Terra Galleria Photography

Two photographs: dull light v. dramatic light on the grasslands

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Large and distant subjects generally need strong shadows to define their shape. For photographing grand landscapes, there may be nothing more discouraging than an overcast day, confirming the adage “dull light, dull photos”. But is it true? This article compares two photographs of an understated subject in two extreme light situations: overcast and sunrise.

The centerpiece of Wind Cave National Park in South Dakota is the cave, but for photographers, the main attraction may well be the extensive grassland that covers more than two-thirds of the park’s surface, as it is one of the last remaining sections of the original prairie that once covered a huge area of mid-America. This section of prairie would not have been preserved if it weren’t for the network of caves that lie underneath. At Bison Flats, just south of the junction with the visitor center road, a very open prairie lies along Hwy 385. Ecological importance and visual appeal can diverge, and the prairie is not what you’d call a spectacular subject.

During my first visit there, it was raining all the time. Some say that the sweetest sound is that of raindrops falling on the tent since it means that one can stay in the sleeping bag without regret. I resisted the temptation and got to work at sunrise time. It was clear that the clouds would not clear anytime soon and there would not be even a hint of sunrise color, but some gradations were present in the sky, as opposed to a uniformly overcast sky. Every small detail like that counts, and I considered myself vindicated for not sleeping in.

The grasses exuded a fresh, damp smell that beckoned me to linger a bit longer and take a more attentive look. I identified a diverse blend of tall and short grass species. Even in those dreadful conditions, the allure of the grasses inspired me to pull out the camera and make a large-format photograph. From a distance, the grasses all look the same, but I recognized patches with different color characteristics and looked for local color contrast. I used a wide-angle lens and positioned the camera so that the grasses arranged themselves in a flowing way. Combined with a low viewpoint, the wide-angle lens added depth to the image by creating perspective with the strong decrease in size of the receding blades of grass. It made the background elements very small, but they were still resolved enough, as this type of flat subject is perfectly focussed from front to back with a bit of tilt. The distant trees helped provide a crucial focal point and counterweight.

To see how this photograph works, let us compare to another version of the same scene. Another year, I returned in better weather, hoping for less flat light. I headed to the same location for sunrise, when the light would be at its most dramatic, maybe a necessity for such an understated subject. Using the same focal length and a similar viewpoint and composition, I looked for a position that would utilize the dramatic play of light and shadow the best. A spot with prominent shadows in the foreground helped highlight the texture of the prairie as the low sun grazed it laterally, making each individual blade of grass stand out.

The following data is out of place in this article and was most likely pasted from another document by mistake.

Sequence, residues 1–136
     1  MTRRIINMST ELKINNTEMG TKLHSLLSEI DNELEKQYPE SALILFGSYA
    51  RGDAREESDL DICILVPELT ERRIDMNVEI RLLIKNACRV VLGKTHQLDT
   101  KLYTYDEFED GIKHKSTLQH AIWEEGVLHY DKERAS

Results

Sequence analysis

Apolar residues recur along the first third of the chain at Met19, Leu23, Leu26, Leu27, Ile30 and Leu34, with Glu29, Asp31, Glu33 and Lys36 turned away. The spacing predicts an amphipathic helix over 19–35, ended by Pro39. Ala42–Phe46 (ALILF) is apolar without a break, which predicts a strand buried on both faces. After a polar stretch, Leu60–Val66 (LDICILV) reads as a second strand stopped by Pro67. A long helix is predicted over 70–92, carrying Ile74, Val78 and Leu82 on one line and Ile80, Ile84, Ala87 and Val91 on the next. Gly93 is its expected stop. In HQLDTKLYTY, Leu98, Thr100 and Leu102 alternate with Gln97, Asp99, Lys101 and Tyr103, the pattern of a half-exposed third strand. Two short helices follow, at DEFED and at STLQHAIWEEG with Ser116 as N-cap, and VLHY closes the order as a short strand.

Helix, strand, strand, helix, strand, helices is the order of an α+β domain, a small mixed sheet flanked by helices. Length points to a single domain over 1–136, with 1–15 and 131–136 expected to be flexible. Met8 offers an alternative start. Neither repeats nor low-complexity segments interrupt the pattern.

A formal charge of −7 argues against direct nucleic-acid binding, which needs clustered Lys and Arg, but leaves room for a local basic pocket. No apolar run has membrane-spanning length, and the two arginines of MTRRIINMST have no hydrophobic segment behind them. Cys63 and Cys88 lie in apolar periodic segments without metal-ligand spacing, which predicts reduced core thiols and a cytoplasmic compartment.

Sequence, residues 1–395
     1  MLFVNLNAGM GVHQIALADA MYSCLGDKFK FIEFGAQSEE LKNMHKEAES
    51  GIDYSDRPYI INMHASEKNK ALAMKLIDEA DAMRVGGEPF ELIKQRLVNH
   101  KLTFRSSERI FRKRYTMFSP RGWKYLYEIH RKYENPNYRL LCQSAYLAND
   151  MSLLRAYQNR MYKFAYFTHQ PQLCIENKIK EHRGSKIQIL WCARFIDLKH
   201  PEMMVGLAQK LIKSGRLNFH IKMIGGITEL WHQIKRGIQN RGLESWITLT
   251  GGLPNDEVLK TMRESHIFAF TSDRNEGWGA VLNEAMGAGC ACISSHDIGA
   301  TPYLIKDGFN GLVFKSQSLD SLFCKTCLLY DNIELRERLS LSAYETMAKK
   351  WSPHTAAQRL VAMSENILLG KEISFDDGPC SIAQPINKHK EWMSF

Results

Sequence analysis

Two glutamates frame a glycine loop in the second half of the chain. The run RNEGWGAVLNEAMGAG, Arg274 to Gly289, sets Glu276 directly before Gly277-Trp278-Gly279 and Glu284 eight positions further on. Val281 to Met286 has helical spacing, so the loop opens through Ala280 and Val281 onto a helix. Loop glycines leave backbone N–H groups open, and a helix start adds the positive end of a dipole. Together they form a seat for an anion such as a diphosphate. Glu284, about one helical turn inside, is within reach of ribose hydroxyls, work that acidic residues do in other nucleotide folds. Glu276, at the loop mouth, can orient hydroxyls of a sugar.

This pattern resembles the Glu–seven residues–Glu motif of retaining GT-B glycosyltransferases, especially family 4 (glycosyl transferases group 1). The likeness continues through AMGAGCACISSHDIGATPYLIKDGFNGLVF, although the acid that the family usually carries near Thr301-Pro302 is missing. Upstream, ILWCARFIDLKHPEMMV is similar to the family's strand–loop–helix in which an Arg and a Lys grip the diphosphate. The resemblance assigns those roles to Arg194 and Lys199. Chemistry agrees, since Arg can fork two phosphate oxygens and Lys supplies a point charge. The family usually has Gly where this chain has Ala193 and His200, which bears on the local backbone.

What makes the blades of grass stand out in that second photograph is their shape, detached against darker shaded areas. The differences in color within the grass are not visible at all, as they are overwhelmed by the warm light of sunrise. Instead, the photograph relies on the color contrast of two large image areas, the warm prairie and the cool sky. In the first photograph, despite the lack of shadows, the blades of grass are still well-differentiated from each other thanks to the color contrast between the light greens and the rust colors. The overcast light revealed those, and even more subtle color differences, making this photograph more intricate. Overcast light doesn’t highlight nor define anything, but it also doesn’t hide anything, so in the end, it offered more possibilities.

The two images of the same scene are clearly different in mood. Although I thought the overcast image may be richer, in the sense that it rewards an extended viewing with more to see, for Treasured Lands, I chose the sunlit version for its drama that makes it more immediately appealing, and also because it fit better with other images. In the book he and Kate Jordahl produced on the occasion of a gallery exhibit, curator Geir Jordahl chose the overcast image. Which image do you prefer, and why? (if you do not see poll question, click here)

3 Comments

  1. Mary desJardins says:

    The sunrise image has more drama in it – the sky contrasting with the warm foreground. The foreground blades of grass appear to be singing as they are kissed by the rising sun…. Beautiful image!

  2. Victor F Artigas says:

    I like the overcast one as it is less abrupt and ‘plays’ it’s details with the existing light…takes time to show off a palette of colors.

  3. It was a very hard choice and I am not really sure that I prefer one over the other. I like the overcast one for the very natural look to it. It even seems more expansive than the sunlit one which I like for the color and drama. They are both beautiful in their own right.

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